Saskatchewan reported 14 new cases of the novel coronavirus on Saturday, bringing the provincial total of cases to 1,954.
Of the new cases, four are in the central east zone, three are in Saskatoon, one in the south west, and two in the Regina, central and south east zones.
There are 19 active reported cases in Yorkton, where three COVID-19 outbreaks have been declared.
Of the 1,954 reported cases, 148 are considered active. A total of 1,782 people have recovered.
Here is a breakdown of where Saskatchewan’s active cases are:
- Far North Central: 0
- Far North West: 1
- Far North East: 0
- North West: 0
- North Central: 7
- North East: 2
- Saskatoon: 60
- Regina: 28
- Central West: 3
- Central East: 34
- South West: 3
- South Central: 7
- South East: 3
There is one person in hospital.
Saskatchewan’s COVID-19 death toll remains at 24 people.
“We have done well in Saskatchewan in keeping our COVID case numbers low and manageable, however we need to remain vigilant,” Saskatchewan’s chief medical health officer Dr. Saqib Shahab said in a statement.
“While most cases are linked to known clusters we are also seeing an increase in cases with no known exposure implying an increase in community transmission. This has led to additional cases in the community. Everyone needs to continue doing their part by taking precautions to stop the spread of COVID-19.”
Here is a breakdown of total Saskatchewan cases by age:
- 339 people are 19 and under
- 643 people are 20 to 39
- 599 are 40 to 59
- 309 people are 60 to 79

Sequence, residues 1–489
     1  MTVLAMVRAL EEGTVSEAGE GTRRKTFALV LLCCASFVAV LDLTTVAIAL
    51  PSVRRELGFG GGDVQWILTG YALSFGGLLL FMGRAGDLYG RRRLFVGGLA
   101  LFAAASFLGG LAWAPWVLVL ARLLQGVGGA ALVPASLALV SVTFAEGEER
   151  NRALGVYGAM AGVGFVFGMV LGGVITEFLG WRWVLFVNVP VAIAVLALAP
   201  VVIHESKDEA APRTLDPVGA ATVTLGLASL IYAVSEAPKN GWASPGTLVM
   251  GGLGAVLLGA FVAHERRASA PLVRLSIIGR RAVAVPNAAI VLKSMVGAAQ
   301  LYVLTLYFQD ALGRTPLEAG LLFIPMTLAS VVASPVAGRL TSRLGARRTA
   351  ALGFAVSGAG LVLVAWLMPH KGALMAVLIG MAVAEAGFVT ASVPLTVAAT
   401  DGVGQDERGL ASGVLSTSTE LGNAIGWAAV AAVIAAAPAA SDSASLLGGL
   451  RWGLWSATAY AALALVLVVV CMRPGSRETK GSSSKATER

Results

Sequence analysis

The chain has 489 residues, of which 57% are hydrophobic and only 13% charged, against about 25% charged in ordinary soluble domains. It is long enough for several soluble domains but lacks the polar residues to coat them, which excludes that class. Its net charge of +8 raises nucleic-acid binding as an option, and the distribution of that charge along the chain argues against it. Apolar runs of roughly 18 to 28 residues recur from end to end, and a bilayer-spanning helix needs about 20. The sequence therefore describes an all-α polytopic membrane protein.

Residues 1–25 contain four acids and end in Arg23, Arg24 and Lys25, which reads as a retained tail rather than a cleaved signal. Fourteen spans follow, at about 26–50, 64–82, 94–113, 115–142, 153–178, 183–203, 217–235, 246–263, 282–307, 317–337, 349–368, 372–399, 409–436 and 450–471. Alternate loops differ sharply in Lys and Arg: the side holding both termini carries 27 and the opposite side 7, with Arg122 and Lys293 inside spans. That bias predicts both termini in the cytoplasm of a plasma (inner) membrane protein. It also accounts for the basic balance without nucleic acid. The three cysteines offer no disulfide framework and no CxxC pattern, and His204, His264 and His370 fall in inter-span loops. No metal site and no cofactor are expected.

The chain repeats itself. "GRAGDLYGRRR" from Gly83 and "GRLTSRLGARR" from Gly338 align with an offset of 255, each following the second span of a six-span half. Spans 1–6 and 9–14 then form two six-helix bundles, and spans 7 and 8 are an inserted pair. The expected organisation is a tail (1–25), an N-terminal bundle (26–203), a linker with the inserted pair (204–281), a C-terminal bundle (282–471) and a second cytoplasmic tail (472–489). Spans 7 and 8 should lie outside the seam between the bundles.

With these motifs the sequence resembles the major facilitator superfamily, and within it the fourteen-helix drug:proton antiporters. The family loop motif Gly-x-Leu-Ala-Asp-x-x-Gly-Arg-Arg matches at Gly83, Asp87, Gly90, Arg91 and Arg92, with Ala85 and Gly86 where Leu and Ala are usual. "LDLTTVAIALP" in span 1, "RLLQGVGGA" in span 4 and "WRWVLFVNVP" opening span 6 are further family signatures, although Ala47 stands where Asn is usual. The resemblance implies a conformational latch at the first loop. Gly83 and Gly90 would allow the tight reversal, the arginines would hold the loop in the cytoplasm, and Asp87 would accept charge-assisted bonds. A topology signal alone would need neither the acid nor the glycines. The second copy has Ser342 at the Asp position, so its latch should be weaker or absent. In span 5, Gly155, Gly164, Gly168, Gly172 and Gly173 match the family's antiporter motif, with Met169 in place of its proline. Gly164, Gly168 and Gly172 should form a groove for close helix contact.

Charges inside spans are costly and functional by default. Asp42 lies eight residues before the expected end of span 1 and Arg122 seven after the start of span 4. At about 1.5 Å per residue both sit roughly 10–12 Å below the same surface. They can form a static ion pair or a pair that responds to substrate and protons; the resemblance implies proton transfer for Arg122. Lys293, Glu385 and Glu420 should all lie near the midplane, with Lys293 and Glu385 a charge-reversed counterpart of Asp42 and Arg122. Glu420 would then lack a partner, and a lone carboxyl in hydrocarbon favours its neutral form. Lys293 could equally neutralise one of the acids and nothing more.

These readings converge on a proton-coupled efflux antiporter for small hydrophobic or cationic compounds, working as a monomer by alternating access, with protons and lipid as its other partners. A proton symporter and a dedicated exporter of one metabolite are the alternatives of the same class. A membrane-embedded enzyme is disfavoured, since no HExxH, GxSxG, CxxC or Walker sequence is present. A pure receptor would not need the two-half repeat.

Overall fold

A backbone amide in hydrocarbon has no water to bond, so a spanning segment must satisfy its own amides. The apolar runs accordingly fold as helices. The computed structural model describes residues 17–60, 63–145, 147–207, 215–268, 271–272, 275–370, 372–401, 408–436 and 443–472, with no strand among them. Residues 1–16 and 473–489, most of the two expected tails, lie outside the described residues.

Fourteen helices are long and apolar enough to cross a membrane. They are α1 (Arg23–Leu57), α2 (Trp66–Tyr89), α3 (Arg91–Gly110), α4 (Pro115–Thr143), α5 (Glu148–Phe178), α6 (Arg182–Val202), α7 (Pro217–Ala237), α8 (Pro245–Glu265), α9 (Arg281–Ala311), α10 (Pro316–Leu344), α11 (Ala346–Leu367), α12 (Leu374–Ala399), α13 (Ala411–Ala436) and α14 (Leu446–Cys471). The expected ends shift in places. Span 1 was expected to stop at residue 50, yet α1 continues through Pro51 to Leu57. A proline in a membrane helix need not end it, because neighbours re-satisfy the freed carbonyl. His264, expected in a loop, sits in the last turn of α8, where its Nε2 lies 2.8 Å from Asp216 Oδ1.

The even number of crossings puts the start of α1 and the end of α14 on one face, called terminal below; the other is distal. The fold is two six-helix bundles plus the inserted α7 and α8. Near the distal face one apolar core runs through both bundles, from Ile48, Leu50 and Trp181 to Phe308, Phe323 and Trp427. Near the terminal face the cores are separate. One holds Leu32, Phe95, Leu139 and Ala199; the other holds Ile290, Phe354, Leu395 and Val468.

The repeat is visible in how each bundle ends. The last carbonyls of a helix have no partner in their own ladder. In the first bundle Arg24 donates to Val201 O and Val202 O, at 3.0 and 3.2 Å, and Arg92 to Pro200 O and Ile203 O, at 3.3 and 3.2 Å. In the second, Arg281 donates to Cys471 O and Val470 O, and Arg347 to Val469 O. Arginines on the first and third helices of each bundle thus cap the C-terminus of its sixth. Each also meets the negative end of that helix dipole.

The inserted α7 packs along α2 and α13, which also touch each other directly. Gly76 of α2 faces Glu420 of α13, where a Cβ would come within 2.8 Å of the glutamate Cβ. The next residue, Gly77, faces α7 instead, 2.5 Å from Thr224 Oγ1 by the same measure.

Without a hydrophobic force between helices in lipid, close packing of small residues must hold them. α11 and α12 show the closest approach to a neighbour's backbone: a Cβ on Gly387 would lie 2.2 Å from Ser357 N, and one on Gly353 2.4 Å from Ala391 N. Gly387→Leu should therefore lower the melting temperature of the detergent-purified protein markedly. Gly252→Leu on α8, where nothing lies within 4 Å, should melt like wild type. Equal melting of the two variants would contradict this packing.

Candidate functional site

- 64 people are 80 and over
- Women make up 51 per cent of the cases, men make up 49 per cent.
Officials said 962 cases are linked to community contact or mass gatherings, 296 are travel-related, 567 have no known exposure and 129 are under investigation by public health.
There have been 74 cases involving health-care workers.
Saskatchewan has completed 198,105 COVID-19 tests to date, up 2,819 from Friday.
Questions about COVID-19? Here are some things you need to know:
Symptoms can include fever, cough and difficulty breathing — very similar to a cold or flu. Some people can develop a more severe illness. People most at risk of this include older adults and people with severe chronic medical conditions like heart, lung or kidney disease. If you develop symptoms, contact public health authorities.
To prevent the virus from spreading, experts recommend frequent handwashing and coughing into your sleeve. They also recommend minimizing contact with others, staying home as much as possible and maintaining a distance of two metres from other people if you go out. In situations where you can’t keep a safe distance from others, public health officials recommend the use of a non-medical face mask or covering to prevent spreading the respiratory droplets that can carry the virus. In some provinces and municipalities across the country, masks or face coverings are now mandatory in indoor public spaces.
For full COVID-19 coverage from Global News, click here.
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